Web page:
Molecular Orbital Calculations Lab
By: Chris Aretz and Becky Kauer

    The reactivity of a molecule is determined mostly by its electron structure. Knowing the locations of the electrons and the energies they have could lead to describing most of its properties such as bond lengths, dipole moments, vibrational frequencies, uv-vis spectrum, and molecular orbital geometries.  The calculations can be done easily for a one atom system with only one electron, however it gets more complicated with multi-atom sytems with more than one electron. To do these calculations various computer programs are needed, such as MacMolPlt, GamessQ, and Jmol. Several approximations were done by these programs, such as Huckel approximation and the variational principle. The Huckel approximation is done using determinates to solve for the enegry; assuming all beta for non-neighbors are zero, all other betas are the same, that S = 0, and all alphas are equal. This gives as many energies as there are solutions for the determinates. The variational principle sets the wavefunction psi equal to a sum of constant times psi 1, constant times psi 2... This allows the calculation of the wavefunction. Five different basis sets were used, they are AM1, PM3, 3-21G, 6-31G, and DZV. The 3-21G, 6-31G, and DZV are ab initio calculations, which give closer results to the accepted values. Some of these calulations took a long time to do and were left to calculate over a few days. These calculations were done on three molecules, a diatomic, a small polyatomic, and an aromatic compound. The diatomic was flourine, F2. The small polyatomic molecule was hydrogen sulfide, H2S. The aromatic compound was styrene, C8H8.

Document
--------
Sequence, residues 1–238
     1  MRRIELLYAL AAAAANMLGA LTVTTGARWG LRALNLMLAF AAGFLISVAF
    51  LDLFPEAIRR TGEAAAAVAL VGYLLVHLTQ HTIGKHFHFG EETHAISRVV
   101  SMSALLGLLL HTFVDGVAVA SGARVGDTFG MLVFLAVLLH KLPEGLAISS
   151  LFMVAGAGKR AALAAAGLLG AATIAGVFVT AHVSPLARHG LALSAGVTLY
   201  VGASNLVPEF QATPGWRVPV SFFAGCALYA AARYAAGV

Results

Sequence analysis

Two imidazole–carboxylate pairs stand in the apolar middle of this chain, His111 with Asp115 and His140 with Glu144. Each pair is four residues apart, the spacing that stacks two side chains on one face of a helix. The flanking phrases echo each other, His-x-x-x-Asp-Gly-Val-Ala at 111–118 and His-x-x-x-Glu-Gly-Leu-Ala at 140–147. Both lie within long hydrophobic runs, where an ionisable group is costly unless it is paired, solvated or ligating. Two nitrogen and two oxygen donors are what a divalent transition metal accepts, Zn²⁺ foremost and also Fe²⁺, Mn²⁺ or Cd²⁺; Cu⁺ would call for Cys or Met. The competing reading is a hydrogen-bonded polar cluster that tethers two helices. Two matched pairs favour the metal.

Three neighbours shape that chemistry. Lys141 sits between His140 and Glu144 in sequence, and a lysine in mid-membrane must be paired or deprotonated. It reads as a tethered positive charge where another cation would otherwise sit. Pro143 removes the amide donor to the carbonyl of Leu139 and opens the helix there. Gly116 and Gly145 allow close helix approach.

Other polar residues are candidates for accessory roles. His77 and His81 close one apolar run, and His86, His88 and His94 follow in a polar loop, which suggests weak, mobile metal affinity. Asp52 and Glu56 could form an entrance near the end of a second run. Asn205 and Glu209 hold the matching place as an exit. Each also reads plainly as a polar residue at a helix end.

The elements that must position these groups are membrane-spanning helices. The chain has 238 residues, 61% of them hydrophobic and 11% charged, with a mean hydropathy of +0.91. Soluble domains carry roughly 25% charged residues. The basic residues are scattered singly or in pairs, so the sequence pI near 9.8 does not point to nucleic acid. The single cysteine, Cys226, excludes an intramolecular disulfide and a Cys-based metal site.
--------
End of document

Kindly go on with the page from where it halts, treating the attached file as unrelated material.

F2 Data
H2S Data
Styrene Data

    From looking at the data for F2, Table 1, the computational results are reasonable for the dipole moments at the PM3 and DZV theory levels. In addition, the computational results are reasonable for looking at the different molecular orbitals for molecules. However, due to the approximations made when computing the computational results are close to but not equal to the accepted values at each level of theory. The computational results are also useful if wanting to know approximate values for bond lengths, dipole moments, vibrational frequencies, uv-vis spectrum, and molecular orbital geometries without having to do additional experiments to acquire more accurate results. They are not useful if wanting to know exact values of results that can be obtained through other methods, such as the uv-vis spectrum, and vibrational frequencies.

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(2) NIST Webbook; NIST Standard Refrence Database Number 69 2008 accessed Mar. 10, 2011
(3) Spectral Database for Organic Compoundsd SDBS; SDBS Compounds and Spectral Search accessed Mar. 10, 2011
(4) Nationsl Instite of Standards and Technology; CCC and Benchmark Database 2010 accessed Mar. 10, 2011
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